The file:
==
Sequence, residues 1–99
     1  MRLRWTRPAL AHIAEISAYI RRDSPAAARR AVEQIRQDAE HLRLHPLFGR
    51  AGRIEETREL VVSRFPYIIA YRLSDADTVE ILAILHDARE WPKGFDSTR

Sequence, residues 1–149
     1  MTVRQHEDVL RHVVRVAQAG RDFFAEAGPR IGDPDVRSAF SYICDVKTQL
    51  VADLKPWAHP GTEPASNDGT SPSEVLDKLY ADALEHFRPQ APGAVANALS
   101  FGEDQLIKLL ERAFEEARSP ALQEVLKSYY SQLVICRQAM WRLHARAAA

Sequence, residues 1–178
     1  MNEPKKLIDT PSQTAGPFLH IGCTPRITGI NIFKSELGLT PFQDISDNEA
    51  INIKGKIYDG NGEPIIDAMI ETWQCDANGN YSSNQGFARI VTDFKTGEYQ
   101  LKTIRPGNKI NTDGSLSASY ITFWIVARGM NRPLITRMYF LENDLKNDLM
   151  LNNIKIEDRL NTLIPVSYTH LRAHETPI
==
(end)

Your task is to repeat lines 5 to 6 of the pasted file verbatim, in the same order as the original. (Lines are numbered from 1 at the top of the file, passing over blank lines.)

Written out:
     1  MTVRQHEDVL RHVVRVAQAG RDFFAEAGPR IGDPDVRSAF SYICDVKTQL
    51  VADLKPWAHP GTEPASNDGT SPSEVLDKLY ADALEHFRPQ APGAVANALS